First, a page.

BEST IELTS Academic Reading Test 28
ACADEMIC READING TEST 28 – PASSAGE – 1
ACADEMIC READING TEST 28
READING PASSAGE – 1
You should spend about 20 minutes on Questions 1-13, which are based on Reading Passage 1 below.
THE LIQUID-PROPELLANT ROCKET AND ALTERNATIVES
A liquid-propellant rocket is a rocket whose engine uses propellant in liquid form to power it. The reasonably high density of liquids make them a desirable form of engine power as the volume of propellant tanks used to hold them can be relatively low. Lightweight pumps can also be used to pump the liquid propellant from the tanks into the engine, which means the propellant can be kept under low pressure. Both these factors, smaller tanks and lighter pumps, are advantageous as they effectively lower the rocket’s mass ratio.
One of the most common types of liquid propellant rocket is the bipropellant rocket. Bipropellant rockets generally have two tanks; the top-most one which contains liquid fuel, and a second, typically slightly larger tank, containing a liquid oxidizer such as liquid hydrogen or a hydrocarbon fuel, liquid oxygen combination. The fuel tank and the oxidizer are connected to the combustion chamber by pumps. It is within and chamber that the fuel and oxidizer react and combust. This chamber, in turn, connects to the nozzle through which spent fuel is expelled, generating sufficient thrust to get the rocket airborne.
Liquid-propellant rockets are preferred to other types primarily because they have a higher energy content; thus generating more thrust. Tankage efficiency is another important factor. Liquid propellant will typically have a density similar to water and require only modest pressure to prevent vaporization from occurring. This combination of high density and low pressure permits a very lightweight tank. Gasses, on the other hand, are not nearly as dense and require more pressure to be applied in order to keep them stored within the tank, meaning heavier tankage must be used, which results in a higher rocket mass ratio.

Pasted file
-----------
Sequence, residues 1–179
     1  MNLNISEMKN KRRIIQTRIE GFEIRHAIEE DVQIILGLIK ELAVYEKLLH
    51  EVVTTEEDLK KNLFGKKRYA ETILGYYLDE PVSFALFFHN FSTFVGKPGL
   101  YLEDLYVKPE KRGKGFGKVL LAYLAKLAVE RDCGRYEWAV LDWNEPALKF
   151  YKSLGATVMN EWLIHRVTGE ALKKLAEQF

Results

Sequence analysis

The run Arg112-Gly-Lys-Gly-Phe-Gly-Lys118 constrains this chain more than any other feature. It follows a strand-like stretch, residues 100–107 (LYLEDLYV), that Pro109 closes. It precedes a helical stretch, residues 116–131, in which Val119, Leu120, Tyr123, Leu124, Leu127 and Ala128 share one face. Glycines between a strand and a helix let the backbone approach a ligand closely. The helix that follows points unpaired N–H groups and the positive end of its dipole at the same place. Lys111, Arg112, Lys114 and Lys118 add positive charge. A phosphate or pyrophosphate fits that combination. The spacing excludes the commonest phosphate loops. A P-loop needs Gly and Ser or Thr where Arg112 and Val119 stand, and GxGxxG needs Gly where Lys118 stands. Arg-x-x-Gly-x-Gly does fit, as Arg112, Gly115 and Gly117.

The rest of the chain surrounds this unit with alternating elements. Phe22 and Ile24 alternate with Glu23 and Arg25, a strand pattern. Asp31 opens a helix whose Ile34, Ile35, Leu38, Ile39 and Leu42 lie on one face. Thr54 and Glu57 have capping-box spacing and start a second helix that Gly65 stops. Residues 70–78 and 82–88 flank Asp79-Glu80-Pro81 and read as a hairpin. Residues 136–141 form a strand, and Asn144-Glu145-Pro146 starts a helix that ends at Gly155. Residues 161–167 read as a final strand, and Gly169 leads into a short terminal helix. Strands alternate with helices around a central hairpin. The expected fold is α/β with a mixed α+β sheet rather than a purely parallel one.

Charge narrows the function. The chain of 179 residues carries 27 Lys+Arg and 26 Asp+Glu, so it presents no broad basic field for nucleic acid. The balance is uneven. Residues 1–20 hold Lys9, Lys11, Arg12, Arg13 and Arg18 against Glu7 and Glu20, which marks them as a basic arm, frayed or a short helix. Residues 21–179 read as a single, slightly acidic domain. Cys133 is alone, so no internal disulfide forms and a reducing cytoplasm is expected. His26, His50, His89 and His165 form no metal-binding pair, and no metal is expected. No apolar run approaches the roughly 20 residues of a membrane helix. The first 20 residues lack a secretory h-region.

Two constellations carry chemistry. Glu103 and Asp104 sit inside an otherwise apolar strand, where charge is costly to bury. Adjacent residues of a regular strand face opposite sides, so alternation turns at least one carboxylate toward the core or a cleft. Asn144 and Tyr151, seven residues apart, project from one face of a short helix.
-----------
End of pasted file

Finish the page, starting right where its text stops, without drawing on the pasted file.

Other advantages of liquid-propellant rockets include the fact that they can be reused for several flights, as happened many timed in the Space Shuttle programme operated by NASA, and the ability to shut down and reignite such rockets multiple times if necessary. That said, the use of liquid propellants has been associated with a number of issues. One such issue is termed slosh (the movement of a liquid inside another object already undergoing motion). Slosh can lead to loss of control of the vehicle and it can also confuse computerized guidance systems, which are not equipped to account for the random path disturbances it can cause. Another major drawback of this kind of rocket is the functional complexity of the liquid-propellant mechanism, which operates high speed moving parts at very high temperatures. This can be a recipe for disaster, as it increases the probability of something going wrong.
The pumps used to pump the liquid propellant, though lightweight, are also very hard to design, and this is another bone of contention with proponents of other forms of rocket propellant. These turbopumps, as they are known, can suffer serious failures, such as overspreading or shedding when operated at high speed.